7. 7. 3. Patterns in food and teff consumption Food item Birr/capita Food share Teff 198 9.0% Wheat 168 7.6% Barley 54 2.5% Maize 171 7.8% Sorghum 112 5.1% Pulses & other cereals 238 10.8% Other foods 1,253 57.0% Total food 2,198 100% b. Teff versus other foods. Teff most important cereal
  8. 8. 8 3. Patterns in food and teff consumption c. 1) White, mixed and red teff expenditure share has leveled in 2010. 2) the share of white teff is on the rise and that of red teff has declined - 5 10 15 20 25 30 35 40 45 2000 2005 2010 Shareofteffintotalteff(%) Year White Teff Red Teff Mixed Teff
  9. 9. 9 3. Patterns in food and teff consumption Shares (%) in total per capita expenditures Categories 2000 2005 2010 Teff 12.7 8.7 9.0 Wheat 8.8 8.7 7.6 Barley 3.8 3.5 2.5 Maize 11.6 8.5 7.8 Sorghum 6.1 8.0 5.1 d. Changes over time. 1/ Expenditures on cereals are overall declining 2/ In contrast to other cereals, share of teff has increased between 2005-10
  10. 10. 10 3. Patterns in food and teff consumption d. Changes over time. Quantities of teff consumed are increasing over time 130 135 140 145 150 155 160 165 2000 2005 2010 TEFF (kg/person)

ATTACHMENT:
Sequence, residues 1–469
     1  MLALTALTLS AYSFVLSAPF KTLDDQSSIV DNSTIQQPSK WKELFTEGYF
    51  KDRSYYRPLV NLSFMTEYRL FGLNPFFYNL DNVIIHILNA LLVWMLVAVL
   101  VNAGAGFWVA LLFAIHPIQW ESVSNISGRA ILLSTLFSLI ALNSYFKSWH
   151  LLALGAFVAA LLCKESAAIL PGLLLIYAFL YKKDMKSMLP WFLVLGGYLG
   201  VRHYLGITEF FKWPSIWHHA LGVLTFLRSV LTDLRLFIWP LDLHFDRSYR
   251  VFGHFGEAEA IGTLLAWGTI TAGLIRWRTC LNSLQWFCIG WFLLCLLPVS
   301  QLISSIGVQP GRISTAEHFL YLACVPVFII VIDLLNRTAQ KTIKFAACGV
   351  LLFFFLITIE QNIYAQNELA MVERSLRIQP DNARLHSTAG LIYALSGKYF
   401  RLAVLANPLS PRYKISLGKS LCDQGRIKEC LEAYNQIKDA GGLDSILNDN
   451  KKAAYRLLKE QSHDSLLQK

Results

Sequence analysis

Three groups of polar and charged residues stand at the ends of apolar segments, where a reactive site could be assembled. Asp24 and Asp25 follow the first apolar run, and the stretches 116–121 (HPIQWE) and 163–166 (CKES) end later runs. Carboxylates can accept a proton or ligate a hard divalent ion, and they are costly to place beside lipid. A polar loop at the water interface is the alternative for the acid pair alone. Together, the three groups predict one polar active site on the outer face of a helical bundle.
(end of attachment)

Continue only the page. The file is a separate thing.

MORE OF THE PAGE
11. 11. 11 3. Patterns in food and teff consumption e. Agro-ecologies (Quantity of teff consumption). Rural versus urban (2005) 1/ Urban consumption very high 2/ Large differences for different agro-ecological zones 0 50 100 150 200 250 poor nonpoor poor nonpoor poor nonpoor poor nonpoor Enset Other Cereals Sorghum Maize Wheat Teff
  12. 12. 12 3. Patterns in food and teff consumption g. Rural versus urban. While the proportionate increase is higher for white, mixed teff still remains important in urban areas ; black is stable in rural areas - 10.00 20.00 30.00 40.00 50.00 60.00 2000 2005 2010 White Teff Mixed Teff Black Teff 2000 2005 2010 25.4 27.3 32.9 36.6 27.7 27.3 38.0 45.0 39.9 Rural White Teff Mixed Teff Black Teff Urban
  13. 13. 13 3. Patterns in food and teff consumption j. Calorie intake. in urban areas a third of calories derived from teff-so dominant source of calorie intake; while in rural areas, teff teff accounts only 8% 8% 13% 43% 14% 9% 2% 11% Rural 30% 10% 23% 5% 14% 3% 15% Urban Teff Wheat Other Cereals Enset & root crops Pulses & oil seeds Animal products Others